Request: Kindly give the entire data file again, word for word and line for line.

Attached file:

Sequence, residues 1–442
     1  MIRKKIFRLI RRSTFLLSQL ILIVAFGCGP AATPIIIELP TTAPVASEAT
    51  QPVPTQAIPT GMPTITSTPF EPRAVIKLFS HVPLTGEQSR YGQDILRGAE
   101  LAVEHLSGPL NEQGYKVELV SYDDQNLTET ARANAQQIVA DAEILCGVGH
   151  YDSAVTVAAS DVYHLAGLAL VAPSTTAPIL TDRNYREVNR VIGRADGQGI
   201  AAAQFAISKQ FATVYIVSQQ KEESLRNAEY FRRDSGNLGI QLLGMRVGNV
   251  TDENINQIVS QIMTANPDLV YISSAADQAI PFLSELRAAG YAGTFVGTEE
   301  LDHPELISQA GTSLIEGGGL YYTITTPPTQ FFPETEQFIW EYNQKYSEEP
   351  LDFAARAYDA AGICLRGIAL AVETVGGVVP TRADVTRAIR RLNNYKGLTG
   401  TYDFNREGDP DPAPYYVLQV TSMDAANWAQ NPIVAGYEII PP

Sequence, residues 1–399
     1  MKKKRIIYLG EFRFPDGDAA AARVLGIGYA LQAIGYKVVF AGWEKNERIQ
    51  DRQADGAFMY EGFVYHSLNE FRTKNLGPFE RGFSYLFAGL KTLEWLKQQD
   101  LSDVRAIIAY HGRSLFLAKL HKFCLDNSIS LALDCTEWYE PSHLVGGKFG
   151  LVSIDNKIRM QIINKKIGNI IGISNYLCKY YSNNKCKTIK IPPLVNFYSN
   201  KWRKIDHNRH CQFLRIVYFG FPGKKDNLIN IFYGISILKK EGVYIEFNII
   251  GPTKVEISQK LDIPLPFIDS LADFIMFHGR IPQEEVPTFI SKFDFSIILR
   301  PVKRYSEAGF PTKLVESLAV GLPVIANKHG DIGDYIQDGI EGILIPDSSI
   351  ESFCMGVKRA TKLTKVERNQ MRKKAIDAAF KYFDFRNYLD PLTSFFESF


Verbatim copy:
Sequence, residues 1–442
     1  MIRKKIFRLI RRSTFLLSQL ILIVAFGCGP AATPIIIELP TTAPVASEAT
    51  QPVPTQAIPT GMPTITSTPF EPRAVIKLFS HVPLTGEQSR YGQDILRGAE
   101  LAVEHLSGPL NEQGYKVELV SYDDQNLTET ARANAQQIVA DAEILCGVGH
   151  YDSAVTVAAS DVYHLAGLAL VAPSTTAPIL TDRNYREVNR VIGRADGQGI
   201  AAAQFAISKQ FATVYIVSQQ KEESLRNAEY FRRDSGNLGI QLLGMRVGNV
   251  TDENINQIVS QIMTANPDLV YISSAADQAI PFLSELRAAG YAGTFVGTEE
   301  LDHPELISQA GTSLIEGGGL YYTITTPPTQ FFPETEQFIW EYNQKYSEEP
   351  LDFAARAYDA AGICLRGIAL AVETVGGVVP TRADVTRAIR RLNNYKGLTG
   401  TYDFNREGDP DPAPYYVLQV TSMDAANWAQ NPIVAGYEII PP

Sequence, residues 1–399
     1  MKKKRIIYLG EFRFPDGDAA AARVLGIGYA LQAIGYKVVF AGWEKNERIQ
    51  DRQADGAFMY EGFVYHSLNE FRTKNLGPFE RGFSYLFAGL KTLEWLKQQD
   101  LSDVRAIIAY HGRSLFLAKL HKFCLDNSIS LALDCTEWYE PSHLVGGKFG
   151  LVSIDNKIRM QIINKKIGNI IGISNYLCKY YSNNKCKTIK IPPLVNFYSN
   201  KWRKIDHNRH CQFLRIVYFG FPGKKDNLIN IFYGISILKK EGVYIEFNII
   251  GPTKVEISQK LDIPLPFIDS LADFIMFHGR IPQEEVPTFI SKFDFSIILR
   301  PVKRYSEAGF PTKLVESLAV GLPVIANKHG DIGDYIQDGI EGILIPDSSI
   351  ESFCMGVKRA TKLTKVERNQ MRKKAIDAAF KYFDFRNYLD PLTSFFESF